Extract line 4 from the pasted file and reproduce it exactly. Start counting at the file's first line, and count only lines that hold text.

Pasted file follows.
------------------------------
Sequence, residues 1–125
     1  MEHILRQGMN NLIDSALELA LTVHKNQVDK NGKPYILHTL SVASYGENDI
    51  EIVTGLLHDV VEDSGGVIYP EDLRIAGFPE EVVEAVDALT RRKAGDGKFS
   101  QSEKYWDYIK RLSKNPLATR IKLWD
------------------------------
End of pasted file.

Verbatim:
   101  QSEKYWDYIK RLSKNPLATR IKLWD